"Meeting" is the name of this large print.  
You really CAN touch the art."  And so I did!  Many were hung low enough to allow the children at the library to touch them.  And, they were, snotty hands and all!  The artist, Robert Allen, grew up with his pet raccoon in a tiny cabin that he built behind his family home deep it the woods, 50 miles north of Syracuse, NY.  
Interesting textures abound in an acrylic painting and
people are invited to touch the work as I am doing.
He claims he is a self-taught artist from birth.  He earned a full ride to Syracuse University to study archi- tecture, but passed on that to enter the U.S. Marine Corps for eight years with tours of Japan, the Phillippines and the US.  
Many of his works such as this one titled
"Refraction" are too abstract to me.
Today he lives on 12 acres of woodland near the Susquehanna River with an art studio, a 150-year-old barn art gallery and a small cottage.  He shares his home with 100 large koi, 5 dogs and 8 tropical birds.  I'm so sorry I missed meeting him.  I will admit that I really did enjoy a few of his pieces; one titled "Meeting", a collection of colorful characters and another titled "The Last Supper" caught my eye.  His paintings that were entirely geometric shapes and lines of all colors didn't interest me.  If you care to see his work, Google him or stop at the library for a visit.  The show will be hung until the end of February.  It was another extraordinary day in the life of an ordinary guy. 

The "Last Supper" is also one of my favorites from his 70 plus paintings on display at the Manheim Township Public Library in Lancaster, PA.

Tuesday, January 21, 2014

The "In With The New .... Out With The Coal" Story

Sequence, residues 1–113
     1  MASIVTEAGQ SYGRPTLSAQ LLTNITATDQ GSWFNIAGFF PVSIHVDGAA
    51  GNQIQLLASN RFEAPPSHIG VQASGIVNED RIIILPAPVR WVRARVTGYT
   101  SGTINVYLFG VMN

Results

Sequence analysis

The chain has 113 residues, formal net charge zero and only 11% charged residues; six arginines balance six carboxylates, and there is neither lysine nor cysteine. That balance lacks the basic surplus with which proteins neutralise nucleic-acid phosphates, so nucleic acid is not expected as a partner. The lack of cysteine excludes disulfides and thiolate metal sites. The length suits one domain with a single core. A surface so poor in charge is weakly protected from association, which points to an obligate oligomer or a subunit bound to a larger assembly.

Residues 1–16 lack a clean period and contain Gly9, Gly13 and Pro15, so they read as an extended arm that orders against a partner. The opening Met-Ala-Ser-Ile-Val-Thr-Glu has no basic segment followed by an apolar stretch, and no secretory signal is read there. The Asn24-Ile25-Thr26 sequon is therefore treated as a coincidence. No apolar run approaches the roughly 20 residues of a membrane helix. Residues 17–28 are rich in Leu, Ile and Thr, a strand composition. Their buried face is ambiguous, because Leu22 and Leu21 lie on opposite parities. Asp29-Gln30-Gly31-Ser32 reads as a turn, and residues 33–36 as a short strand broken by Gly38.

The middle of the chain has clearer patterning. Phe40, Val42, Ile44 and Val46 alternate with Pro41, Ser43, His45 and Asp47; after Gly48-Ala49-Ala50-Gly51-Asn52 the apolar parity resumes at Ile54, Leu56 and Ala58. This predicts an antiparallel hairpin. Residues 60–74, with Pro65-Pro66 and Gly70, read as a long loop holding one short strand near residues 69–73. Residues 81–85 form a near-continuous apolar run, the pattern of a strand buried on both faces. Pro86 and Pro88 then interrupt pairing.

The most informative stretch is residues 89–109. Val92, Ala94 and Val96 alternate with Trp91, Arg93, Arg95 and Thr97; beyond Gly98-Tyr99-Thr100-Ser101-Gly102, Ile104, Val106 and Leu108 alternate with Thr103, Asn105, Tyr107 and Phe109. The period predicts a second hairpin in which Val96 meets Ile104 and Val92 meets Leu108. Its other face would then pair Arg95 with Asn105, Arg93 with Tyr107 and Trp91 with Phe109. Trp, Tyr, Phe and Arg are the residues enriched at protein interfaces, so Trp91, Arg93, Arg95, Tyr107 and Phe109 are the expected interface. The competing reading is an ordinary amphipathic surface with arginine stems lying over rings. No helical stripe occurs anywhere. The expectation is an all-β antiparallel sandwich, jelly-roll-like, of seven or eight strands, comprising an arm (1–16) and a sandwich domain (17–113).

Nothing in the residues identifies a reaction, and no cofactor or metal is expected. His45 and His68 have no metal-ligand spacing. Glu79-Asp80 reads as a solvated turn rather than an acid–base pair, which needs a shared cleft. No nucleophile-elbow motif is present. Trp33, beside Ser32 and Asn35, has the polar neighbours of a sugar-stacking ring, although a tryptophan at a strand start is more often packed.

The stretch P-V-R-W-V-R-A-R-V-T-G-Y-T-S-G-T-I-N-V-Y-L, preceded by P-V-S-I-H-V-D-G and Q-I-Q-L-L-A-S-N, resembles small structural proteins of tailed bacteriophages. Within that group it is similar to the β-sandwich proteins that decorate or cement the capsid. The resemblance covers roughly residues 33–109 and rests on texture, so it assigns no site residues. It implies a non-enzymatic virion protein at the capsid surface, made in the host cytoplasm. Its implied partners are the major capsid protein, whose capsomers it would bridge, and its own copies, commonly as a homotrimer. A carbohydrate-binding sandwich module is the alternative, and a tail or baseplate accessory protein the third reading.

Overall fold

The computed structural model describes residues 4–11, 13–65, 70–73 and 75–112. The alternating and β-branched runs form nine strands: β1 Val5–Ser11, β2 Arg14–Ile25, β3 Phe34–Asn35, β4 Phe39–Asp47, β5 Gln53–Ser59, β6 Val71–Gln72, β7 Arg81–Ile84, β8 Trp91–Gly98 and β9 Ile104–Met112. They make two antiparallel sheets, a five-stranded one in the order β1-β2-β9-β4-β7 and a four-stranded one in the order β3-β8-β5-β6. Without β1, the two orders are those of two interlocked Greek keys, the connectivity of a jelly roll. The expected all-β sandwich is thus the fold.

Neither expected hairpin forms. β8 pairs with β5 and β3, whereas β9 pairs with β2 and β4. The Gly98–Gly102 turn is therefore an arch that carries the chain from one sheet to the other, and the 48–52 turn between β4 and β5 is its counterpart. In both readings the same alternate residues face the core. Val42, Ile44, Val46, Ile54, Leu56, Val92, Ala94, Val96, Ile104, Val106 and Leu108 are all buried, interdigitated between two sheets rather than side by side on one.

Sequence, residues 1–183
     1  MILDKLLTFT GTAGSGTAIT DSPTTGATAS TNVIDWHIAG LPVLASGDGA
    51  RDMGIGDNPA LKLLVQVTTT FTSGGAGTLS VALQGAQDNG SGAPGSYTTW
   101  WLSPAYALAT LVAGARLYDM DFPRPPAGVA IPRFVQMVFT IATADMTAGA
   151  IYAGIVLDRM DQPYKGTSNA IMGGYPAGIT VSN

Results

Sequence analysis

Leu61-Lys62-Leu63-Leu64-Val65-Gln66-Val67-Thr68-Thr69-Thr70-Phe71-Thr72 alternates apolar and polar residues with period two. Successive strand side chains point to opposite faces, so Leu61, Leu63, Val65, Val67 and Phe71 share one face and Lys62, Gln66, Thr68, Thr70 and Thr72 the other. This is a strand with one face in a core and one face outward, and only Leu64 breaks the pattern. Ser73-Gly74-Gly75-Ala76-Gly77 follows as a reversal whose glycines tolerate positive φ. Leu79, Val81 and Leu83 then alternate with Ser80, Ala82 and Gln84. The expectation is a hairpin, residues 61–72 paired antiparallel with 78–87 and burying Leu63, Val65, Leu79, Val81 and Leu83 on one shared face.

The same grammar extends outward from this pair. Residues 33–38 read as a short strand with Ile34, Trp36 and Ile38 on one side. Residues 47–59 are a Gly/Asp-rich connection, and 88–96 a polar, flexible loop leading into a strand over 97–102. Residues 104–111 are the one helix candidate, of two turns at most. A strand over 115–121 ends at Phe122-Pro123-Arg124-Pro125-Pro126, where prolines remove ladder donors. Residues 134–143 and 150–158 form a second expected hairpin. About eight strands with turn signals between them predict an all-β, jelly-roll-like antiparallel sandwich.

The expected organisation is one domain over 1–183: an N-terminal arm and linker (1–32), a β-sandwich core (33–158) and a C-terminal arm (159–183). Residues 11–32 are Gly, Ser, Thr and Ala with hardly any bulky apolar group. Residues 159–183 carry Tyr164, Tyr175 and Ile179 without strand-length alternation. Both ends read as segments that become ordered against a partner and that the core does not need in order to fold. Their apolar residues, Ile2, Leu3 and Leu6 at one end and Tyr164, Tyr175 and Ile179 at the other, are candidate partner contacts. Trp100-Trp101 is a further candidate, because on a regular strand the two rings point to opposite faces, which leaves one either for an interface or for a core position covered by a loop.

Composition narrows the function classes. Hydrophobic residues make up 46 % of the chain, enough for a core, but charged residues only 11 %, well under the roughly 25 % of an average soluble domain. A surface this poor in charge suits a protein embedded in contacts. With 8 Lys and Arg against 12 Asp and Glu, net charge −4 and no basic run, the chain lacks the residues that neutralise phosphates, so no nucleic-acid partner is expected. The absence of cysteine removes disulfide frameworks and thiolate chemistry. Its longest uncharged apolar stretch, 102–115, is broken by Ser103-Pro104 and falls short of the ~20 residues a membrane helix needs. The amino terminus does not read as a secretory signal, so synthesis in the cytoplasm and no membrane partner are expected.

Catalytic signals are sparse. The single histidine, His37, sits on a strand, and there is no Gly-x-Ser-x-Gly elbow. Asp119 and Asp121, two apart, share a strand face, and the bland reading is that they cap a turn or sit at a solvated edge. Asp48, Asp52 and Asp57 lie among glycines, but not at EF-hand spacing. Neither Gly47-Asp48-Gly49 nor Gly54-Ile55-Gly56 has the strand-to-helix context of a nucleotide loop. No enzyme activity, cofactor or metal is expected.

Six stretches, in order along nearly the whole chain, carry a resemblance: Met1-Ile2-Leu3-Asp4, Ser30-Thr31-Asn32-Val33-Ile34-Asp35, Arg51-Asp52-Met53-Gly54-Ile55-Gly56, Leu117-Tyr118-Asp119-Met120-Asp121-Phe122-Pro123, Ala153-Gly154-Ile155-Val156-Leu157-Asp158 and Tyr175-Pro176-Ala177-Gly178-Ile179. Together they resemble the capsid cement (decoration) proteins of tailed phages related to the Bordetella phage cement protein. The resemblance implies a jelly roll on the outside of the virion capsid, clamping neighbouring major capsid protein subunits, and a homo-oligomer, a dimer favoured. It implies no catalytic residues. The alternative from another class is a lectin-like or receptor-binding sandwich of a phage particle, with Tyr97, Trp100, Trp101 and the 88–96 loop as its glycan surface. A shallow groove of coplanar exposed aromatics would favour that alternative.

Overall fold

It was an ordinary day.  Playing with my trains in the cellar with my dad.  He and I always set up our Lionel train yard in the cellar after I got my first Lionel train set when I was 10 years old.  I think he enjoyed it as much as I did during the years that we screwed the two 4' x 8' panels of plywood together, put them on wooden sawhorses and placed all the Plasticville buildings around the streets which were painted on the plywood. It wasn't always that way, because for years we had a coal stove in the basement with a coal bin that took up most of the usable space.  I can remember the coal truck pulling up in front of the house on North Queen Street, running a metal chute from the truck to the basement and listening to the coal travel down the chute into our small cellar window.  In the cellar was a small wooden-enclosed area where the coal was contained.  I can remember how dirty the cellar floor would be after the coal was delivered.  Not a great place to set up a train yard.  One of my jobs was to shovel the ashes from the coal stove into a metal bucket which, after full, was taken to the curb for the trash man to take.  We used the coal stove to keep our small three-bedroom home warm in the winter.  Dad bought the coal from Bushong Coal Company which had an office on Grant Street in downtown Lancaster, PA where my Nannan Woods (my grandmother) worked in the office.  Her maiden name was Bushong and she was part of the family that ran the coal business.  Then one summer, after we had experienced a severe cold winter, dad decided it was best if we put in an oil burner and get rid of the mess associated with coal.  He told me it would cost us more, but maybe I would be able to set up trains if I wanted to.